[1104] Incidence of Positive Pelvic Washings Obtained during Hysterectomy for Endometrial Adenocarcinoma: A Comparison of Robotic-Assisted Hysterectomy Versus Total Abdominal Hysterectomy

S Hu, Y Sun, A Brown, S Mandavilli. Hartford Hospital, Hartford

Background: Robotic-assisted hysterectomy (RH) is being increasingly used in patients undergoing treatment for endometrial adenocarcinomas (EACs). Pelvic washing specimens obtained during such procedures are evaluated for tumor cells and the presence of positive pelvic washings upstages the patients and may alter post-operative treatment. Having observed a case of grade 1 endometrial adenocarcinoma with no myometrial invasion that had positive washings, we wanted to examine the incidence of positive pelvic washings in RH when compared to total abdominal hysterectomy (TAH).
Design: 143 hysterectomy specimens with diagnosis of EAC were retrieved from the pathology files at a tertiary hospital for the period 2004 to the present time. This included 74 RH and 69 TAH specimens in which pelvic washing specimens were obtained. For purposes of analysis, all EACs were divided into low grade (LG) and high grade (HG) tumors. LG criteria included: EACs endometrioid type FIGO grade 1, nuclear grade 1-2, and < 50% myometrial invasion. HG criteria included: EACs endometrioid type FIGO grades 2-3, nuclear grade 3, serous & clear cell carcinomas and endometrioid carcinomas with > 50% myometrial invasion. All pelvic washing specimens with atypical cells were reviewed and compared with the primary EACs.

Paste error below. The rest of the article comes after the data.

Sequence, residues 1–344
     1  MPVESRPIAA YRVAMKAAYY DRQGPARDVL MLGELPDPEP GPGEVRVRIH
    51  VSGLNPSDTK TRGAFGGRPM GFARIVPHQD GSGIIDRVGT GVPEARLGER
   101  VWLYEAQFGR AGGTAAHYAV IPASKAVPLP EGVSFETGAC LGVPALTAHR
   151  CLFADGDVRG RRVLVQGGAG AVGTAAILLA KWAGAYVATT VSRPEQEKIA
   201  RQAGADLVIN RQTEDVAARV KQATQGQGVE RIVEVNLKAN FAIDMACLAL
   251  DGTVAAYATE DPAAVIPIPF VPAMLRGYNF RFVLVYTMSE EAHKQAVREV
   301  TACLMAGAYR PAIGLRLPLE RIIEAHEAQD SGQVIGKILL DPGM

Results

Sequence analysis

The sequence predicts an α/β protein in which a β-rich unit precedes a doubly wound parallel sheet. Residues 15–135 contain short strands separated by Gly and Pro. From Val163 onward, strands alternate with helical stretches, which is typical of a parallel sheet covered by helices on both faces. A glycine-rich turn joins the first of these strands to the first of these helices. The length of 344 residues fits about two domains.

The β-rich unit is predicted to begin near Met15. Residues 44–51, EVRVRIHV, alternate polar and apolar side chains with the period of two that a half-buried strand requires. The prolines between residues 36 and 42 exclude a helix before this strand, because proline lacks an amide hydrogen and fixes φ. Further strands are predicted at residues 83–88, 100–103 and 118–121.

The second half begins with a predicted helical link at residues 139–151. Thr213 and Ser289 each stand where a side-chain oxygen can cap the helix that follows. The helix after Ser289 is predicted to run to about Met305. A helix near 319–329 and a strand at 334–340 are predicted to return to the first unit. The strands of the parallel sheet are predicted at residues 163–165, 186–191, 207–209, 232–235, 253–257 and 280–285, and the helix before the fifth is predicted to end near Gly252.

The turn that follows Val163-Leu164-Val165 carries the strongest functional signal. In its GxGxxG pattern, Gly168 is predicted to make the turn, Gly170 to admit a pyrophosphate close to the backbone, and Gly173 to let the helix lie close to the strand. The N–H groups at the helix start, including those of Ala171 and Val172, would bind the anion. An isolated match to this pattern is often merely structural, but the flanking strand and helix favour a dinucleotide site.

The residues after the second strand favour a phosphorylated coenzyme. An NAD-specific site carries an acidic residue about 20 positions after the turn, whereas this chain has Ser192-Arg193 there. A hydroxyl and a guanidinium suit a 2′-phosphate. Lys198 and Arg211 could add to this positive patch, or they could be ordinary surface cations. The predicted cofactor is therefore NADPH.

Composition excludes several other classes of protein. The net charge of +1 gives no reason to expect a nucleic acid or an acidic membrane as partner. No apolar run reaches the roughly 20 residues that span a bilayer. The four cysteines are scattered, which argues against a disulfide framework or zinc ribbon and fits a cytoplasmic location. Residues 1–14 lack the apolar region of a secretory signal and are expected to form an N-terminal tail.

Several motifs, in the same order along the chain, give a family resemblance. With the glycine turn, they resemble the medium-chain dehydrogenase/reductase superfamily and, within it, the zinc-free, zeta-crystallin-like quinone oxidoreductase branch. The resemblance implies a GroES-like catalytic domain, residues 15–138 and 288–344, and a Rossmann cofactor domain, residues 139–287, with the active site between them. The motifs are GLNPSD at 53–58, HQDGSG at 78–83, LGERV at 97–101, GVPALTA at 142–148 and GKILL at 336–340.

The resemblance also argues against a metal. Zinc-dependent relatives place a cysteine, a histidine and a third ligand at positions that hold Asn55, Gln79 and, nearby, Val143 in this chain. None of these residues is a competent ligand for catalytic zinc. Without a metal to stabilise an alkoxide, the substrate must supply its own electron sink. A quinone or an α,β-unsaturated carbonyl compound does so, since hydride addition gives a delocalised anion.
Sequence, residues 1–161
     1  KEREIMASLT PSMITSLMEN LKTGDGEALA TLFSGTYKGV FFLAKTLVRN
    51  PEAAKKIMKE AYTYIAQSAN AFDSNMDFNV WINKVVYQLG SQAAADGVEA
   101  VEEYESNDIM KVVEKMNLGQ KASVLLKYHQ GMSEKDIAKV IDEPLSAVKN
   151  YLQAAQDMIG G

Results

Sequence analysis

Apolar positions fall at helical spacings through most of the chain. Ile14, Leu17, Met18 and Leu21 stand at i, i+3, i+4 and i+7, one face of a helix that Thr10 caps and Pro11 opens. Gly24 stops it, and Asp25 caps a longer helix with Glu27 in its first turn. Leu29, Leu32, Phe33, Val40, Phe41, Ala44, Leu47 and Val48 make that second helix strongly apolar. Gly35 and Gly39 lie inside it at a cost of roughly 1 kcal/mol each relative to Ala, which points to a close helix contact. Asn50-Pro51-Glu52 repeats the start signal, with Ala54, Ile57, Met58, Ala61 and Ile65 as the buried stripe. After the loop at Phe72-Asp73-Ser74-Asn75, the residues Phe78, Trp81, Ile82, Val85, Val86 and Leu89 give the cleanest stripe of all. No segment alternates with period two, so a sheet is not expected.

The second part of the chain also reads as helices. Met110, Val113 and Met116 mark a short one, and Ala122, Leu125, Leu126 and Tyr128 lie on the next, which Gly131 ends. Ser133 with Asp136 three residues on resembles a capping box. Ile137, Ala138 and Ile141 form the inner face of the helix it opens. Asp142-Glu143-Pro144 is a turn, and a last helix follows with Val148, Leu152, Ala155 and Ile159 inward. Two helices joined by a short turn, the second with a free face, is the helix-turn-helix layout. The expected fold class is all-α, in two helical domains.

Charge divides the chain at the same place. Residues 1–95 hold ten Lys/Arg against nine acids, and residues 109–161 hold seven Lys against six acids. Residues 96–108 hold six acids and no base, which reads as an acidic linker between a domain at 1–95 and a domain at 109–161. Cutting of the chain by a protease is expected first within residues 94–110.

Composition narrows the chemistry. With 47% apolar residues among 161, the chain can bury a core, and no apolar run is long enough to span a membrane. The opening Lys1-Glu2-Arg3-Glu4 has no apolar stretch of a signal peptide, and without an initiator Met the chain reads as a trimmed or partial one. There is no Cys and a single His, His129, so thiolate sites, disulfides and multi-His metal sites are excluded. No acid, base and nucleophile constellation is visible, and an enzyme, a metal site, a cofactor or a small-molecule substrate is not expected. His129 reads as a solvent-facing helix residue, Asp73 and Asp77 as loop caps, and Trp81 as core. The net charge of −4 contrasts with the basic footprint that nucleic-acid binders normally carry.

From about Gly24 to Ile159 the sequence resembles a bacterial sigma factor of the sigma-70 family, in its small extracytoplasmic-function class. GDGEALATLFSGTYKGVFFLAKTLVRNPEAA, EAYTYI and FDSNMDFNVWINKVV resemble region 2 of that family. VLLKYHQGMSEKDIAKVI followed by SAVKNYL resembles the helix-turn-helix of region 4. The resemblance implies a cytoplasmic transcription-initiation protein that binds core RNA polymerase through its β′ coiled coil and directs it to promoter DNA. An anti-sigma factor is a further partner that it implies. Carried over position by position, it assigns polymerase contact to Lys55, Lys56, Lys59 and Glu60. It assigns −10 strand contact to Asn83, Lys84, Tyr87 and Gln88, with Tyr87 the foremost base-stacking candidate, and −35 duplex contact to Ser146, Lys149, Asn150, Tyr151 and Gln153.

Results: 7 of 37 LG RH specimens and 0/26 LG TAH had positive pelvic washings. Of the 7 cases that were positive in the LG group undergoing RH, 5 cases had no myometrial invasion. The other two had <5% and 7% myometrial invasion respectively.

Positive Pelvic Washings in RH vs TAH
LG7/37 (20.6%)0/26 (0%)
HG11/37 (29.7%)8/43 (18.6%)

Conclusions: The incidence of positive pelvic washings in patients undergoing RH is higher compared to TAH. This was specially the case in LG EACs. This included cases in which there was no myometrial invasion and this raises the possibility that the positive pelvic washings are an artifact. Whether this represents a pre-operative spillage associated with hysterography, or direct seeding via the fallopian tube during hysterectomy warrants further investigation. The clinical significance of such “positive” pelvic washings is unclear but brings a possible procedural artifact to the attention of both surgeons and pathologists.
Category: Gynecologic & Obstetrics

Wednesday, March 24, 2010 9:30 AM

Poster Session V # 141, Wednesday Morning


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